Every time you provision a new virtual machine instance on EC2 you’ll need to pay for it. Imagine 1500 users are simultaneously logged onto www.wavemakeronline.com and that would mean I need to have around 1500 EC2 instances provisioned. That is a tremendous waste of resource, especially if the application is light. But with the containerization, we provision a container for every logged in user and a lot of containers can be packed inside a single EC2 instance giving us this cost benefit.
Easy updates to higher app versions:
With the lightweight Docker containers, release management of applications especially upgrading to newer app versions has changed. App version upgrades using old school approaches is not possible without a server down time and hence business continuity is lost.
With containers, a newer version of the app is provisioned in separate containers alongside the containers containing the current version of the app. Once the new version of the app has stabilized, the older version is phased out and its container deprovisioned. This approach is called the Rolling Upgrades. Rolling Upgrades would not be possible with such ease if not for Docker images (see Fig 2), a concept of snapshoting the container with the application and its dependencies.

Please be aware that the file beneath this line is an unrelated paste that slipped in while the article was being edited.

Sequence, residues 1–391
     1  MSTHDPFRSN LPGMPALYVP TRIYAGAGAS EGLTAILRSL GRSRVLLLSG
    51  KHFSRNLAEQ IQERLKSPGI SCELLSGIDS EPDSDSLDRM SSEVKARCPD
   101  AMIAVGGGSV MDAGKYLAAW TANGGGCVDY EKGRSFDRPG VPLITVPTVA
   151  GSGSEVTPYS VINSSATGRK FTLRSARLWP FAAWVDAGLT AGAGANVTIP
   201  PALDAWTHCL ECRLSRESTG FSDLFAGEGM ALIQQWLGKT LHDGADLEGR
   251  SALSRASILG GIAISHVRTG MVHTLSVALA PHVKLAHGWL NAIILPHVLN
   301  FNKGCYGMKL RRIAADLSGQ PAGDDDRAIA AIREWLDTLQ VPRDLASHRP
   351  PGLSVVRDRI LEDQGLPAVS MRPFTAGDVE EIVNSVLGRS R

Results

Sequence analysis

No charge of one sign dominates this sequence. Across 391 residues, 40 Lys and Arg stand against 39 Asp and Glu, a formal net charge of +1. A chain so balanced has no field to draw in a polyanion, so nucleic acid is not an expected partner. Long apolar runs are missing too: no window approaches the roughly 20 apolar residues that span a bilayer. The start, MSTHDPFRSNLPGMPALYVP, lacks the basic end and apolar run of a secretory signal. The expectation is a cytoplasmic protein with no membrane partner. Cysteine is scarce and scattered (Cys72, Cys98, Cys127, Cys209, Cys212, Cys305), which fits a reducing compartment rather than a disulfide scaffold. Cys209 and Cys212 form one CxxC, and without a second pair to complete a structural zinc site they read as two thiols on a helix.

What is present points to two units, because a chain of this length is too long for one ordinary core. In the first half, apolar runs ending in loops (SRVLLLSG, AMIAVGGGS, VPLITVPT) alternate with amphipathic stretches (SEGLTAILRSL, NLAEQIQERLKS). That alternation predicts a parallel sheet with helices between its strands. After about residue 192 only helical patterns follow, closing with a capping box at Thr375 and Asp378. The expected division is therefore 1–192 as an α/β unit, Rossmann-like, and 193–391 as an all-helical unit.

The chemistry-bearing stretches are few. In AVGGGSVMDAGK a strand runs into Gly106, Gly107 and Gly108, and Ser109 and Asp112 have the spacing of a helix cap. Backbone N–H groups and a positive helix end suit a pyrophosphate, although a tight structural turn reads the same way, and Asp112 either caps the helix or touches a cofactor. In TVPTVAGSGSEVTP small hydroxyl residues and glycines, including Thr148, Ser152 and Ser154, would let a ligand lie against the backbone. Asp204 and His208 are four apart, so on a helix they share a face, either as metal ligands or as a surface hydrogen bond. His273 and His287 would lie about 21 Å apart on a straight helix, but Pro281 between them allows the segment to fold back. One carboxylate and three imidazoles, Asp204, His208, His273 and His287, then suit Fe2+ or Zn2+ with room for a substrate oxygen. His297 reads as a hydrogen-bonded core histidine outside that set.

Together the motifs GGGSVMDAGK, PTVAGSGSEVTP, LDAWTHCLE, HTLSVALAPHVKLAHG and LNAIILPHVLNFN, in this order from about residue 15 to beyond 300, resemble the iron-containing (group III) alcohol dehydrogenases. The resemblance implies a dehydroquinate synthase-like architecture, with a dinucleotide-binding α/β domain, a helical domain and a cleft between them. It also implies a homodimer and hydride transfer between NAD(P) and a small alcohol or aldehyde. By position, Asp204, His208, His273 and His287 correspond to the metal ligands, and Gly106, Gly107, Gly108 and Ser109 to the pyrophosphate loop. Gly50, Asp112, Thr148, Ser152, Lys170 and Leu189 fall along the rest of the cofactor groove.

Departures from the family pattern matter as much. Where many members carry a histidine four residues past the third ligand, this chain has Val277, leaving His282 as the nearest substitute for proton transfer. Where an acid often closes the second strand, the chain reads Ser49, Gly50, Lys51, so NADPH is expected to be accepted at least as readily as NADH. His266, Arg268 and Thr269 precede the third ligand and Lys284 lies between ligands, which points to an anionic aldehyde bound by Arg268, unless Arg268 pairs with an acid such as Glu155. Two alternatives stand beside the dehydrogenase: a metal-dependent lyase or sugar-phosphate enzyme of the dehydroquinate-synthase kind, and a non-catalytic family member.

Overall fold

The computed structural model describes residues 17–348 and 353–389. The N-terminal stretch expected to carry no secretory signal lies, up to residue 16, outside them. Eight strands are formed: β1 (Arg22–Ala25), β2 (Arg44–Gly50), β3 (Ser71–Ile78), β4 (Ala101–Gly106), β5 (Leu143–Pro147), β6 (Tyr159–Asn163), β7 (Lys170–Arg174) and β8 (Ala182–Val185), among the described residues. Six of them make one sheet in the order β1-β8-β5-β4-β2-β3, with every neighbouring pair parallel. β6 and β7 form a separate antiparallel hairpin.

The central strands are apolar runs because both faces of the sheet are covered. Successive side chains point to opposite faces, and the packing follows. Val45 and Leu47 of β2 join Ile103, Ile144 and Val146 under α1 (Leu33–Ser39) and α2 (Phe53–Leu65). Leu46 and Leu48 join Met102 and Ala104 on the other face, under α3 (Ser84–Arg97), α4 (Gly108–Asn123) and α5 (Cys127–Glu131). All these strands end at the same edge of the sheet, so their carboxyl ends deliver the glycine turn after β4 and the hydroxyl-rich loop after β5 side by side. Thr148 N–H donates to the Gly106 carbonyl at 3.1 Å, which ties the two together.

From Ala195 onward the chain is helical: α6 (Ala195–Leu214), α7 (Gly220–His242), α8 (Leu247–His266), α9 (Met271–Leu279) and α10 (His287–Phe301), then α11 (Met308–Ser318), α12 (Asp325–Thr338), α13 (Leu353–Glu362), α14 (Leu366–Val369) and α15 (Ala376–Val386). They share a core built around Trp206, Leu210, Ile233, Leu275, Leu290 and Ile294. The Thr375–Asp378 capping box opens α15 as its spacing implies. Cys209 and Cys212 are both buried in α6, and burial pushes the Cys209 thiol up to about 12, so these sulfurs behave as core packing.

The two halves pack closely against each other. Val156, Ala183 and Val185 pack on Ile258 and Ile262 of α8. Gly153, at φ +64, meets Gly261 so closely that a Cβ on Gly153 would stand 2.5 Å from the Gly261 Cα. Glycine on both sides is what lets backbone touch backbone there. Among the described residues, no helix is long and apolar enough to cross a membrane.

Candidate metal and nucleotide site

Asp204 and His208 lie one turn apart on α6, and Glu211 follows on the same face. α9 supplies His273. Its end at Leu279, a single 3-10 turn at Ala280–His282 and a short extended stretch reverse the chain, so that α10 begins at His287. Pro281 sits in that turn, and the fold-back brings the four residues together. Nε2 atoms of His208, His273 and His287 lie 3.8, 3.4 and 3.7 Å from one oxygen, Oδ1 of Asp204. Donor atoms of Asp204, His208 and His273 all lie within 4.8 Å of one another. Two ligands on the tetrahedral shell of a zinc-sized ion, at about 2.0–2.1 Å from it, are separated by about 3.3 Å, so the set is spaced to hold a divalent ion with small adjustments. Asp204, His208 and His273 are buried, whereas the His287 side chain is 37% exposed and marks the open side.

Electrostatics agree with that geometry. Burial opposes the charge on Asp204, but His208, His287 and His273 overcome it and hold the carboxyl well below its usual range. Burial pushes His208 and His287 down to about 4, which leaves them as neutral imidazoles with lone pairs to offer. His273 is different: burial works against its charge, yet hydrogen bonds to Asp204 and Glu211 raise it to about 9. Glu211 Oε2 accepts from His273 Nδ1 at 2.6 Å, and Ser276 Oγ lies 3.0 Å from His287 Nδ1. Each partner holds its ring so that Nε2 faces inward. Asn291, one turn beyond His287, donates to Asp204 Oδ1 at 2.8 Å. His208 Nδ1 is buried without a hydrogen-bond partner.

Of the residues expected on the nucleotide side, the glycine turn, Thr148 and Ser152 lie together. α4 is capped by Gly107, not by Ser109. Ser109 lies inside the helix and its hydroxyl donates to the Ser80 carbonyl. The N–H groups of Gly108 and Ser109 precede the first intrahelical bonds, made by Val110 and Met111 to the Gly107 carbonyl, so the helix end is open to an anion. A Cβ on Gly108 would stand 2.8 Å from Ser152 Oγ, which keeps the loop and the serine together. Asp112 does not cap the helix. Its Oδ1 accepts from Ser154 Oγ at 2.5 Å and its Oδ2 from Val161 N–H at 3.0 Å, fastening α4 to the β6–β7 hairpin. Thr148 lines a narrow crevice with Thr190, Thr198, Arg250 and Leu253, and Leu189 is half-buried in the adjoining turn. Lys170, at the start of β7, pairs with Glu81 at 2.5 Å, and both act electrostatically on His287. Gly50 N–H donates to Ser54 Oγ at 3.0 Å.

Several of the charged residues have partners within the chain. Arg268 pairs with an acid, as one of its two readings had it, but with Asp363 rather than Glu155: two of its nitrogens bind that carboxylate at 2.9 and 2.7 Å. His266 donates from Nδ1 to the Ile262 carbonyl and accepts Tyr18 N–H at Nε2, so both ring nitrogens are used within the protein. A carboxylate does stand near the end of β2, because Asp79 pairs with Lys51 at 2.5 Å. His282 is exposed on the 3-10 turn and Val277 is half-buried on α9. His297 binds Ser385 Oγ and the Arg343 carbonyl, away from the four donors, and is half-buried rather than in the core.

Faster start-up times for horizontal scalability:
Lightweight Docker containers can be provisioned in a matter of milliseconds compared to a few minutes that are need to provision a hypervisor VM instance. This is because Docker containers uses a layered approach to mounting file system. So instead of having to make full copies of whatever files comprise a container, Docker references back to existing files in a read-only layer, as shown in Fig 3.
This commoditization and instant availability of hardware resources has brought back the idea of horizontal scalability (see Fig 4) into focus again, where a new container can be provisioned instantly as the app load increases. This on demand scalability is achieved in style and forever will change the way applications are architected for scalability.
Faster app delivery through continuous deployment: